For 400 years, the Israelis were "afflicted"; this "affliction" included enslavement by hard-hearted Egyptians. They cried out in repentance to the Lord, who heard them and sent a messenger. This messenger, Moses, was to deliver the Israelis from their slavery. Traveling to Egypt with his brother, Aaron, he delivered the message to Pharaoh that he was to let the people go. Nine times the Pharaoh refused, each followed by a destructive plague sent by the Lord. At the tenth, the death of all firstborn in Egypt, the Pharaoh relented. The Pharaoh quickly changed his mind, however, and followed the Israelis to the Red Sea. Much to his horror, the Israelis had not been trapped by the body of water, but instead, Moses had parted the sea to let his people pass through. The Egyptian army tried to follow, but once the last Israelite had cleared the path, it fell, killing all of the army.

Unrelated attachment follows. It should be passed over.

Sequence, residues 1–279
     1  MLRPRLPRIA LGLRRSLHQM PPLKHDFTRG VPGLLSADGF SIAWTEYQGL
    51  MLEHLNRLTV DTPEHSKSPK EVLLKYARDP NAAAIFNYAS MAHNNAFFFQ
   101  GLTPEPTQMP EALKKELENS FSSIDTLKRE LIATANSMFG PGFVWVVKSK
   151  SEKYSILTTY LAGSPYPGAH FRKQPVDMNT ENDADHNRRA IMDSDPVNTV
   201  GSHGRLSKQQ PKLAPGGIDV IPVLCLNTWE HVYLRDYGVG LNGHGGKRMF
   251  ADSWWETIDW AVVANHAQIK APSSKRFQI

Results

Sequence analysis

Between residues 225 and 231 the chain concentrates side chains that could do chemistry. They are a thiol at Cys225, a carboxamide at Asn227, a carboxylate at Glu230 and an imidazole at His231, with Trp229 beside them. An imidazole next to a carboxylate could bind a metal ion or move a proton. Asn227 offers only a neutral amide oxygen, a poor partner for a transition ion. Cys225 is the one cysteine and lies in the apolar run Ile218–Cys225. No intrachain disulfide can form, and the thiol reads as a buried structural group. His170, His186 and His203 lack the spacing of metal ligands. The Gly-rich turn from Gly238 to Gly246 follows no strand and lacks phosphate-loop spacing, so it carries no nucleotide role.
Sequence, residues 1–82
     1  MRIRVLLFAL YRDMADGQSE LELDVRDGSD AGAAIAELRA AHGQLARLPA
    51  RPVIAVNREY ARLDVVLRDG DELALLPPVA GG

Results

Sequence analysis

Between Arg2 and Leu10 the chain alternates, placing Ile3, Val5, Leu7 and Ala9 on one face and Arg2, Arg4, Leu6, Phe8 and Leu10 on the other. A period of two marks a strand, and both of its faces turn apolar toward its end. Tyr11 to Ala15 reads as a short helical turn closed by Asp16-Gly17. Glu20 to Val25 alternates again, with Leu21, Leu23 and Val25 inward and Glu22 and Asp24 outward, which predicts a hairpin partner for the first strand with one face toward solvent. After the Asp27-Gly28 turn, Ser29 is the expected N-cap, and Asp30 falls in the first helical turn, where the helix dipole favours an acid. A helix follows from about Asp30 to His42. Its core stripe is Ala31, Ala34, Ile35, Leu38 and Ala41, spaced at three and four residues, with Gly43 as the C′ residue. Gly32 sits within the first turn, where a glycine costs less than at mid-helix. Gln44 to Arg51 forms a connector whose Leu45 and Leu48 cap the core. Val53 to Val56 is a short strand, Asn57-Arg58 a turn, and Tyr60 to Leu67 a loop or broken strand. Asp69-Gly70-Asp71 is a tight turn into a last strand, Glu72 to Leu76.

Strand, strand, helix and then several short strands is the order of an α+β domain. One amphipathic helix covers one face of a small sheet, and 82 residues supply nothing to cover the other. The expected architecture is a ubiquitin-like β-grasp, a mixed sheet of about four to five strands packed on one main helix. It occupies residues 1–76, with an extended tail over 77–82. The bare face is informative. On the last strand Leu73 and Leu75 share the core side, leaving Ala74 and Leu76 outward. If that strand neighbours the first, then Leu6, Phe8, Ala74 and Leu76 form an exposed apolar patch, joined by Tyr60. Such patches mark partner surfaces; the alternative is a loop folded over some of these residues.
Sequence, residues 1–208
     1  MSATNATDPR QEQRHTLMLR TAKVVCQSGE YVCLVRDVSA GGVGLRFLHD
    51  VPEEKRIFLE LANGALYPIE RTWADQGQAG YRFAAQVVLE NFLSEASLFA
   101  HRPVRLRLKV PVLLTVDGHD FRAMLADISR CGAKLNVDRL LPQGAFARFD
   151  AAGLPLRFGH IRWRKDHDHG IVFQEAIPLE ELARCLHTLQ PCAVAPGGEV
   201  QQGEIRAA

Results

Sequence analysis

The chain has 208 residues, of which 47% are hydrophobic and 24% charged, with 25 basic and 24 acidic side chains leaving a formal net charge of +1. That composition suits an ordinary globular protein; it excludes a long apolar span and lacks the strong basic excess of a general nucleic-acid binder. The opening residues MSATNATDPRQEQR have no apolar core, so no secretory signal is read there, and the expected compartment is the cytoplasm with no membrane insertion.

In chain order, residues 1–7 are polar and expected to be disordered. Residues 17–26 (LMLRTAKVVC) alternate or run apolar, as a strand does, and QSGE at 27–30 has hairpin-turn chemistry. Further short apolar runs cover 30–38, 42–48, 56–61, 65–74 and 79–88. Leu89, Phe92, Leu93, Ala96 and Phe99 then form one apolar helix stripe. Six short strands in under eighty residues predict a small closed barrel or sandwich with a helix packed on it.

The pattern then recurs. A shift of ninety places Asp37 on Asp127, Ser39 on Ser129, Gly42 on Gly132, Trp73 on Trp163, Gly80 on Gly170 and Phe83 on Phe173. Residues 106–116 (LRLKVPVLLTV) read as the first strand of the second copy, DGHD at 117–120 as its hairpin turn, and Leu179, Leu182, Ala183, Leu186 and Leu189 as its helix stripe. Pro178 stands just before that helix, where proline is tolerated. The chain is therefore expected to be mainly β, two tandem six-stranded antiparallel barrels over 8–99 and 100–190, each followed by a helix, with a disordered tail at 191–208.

For the duration of Moses' leadership, followed by Joshua as Moses died, the Israelis did well. Their one mistake was refusing to go into Canaan for fear of the large people who lived there. For their doubt, they were caused to live in the desert for 40 years until every last doubter had died.

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The Prophets

The people of Israel were governed by Prophets which were appointed by God. While the Prophets were in command of the nation, they did good in the Lord's sight, and were blessed. But as soon as the Prophet died, the people fell into godless chaos, doing whatever their flesh desired. The Lord would then deliver them to their enemies, until they repented, and were given a new prophet. This self-destructing cycle continued on into the land they received, Canaan.

The United Kingdom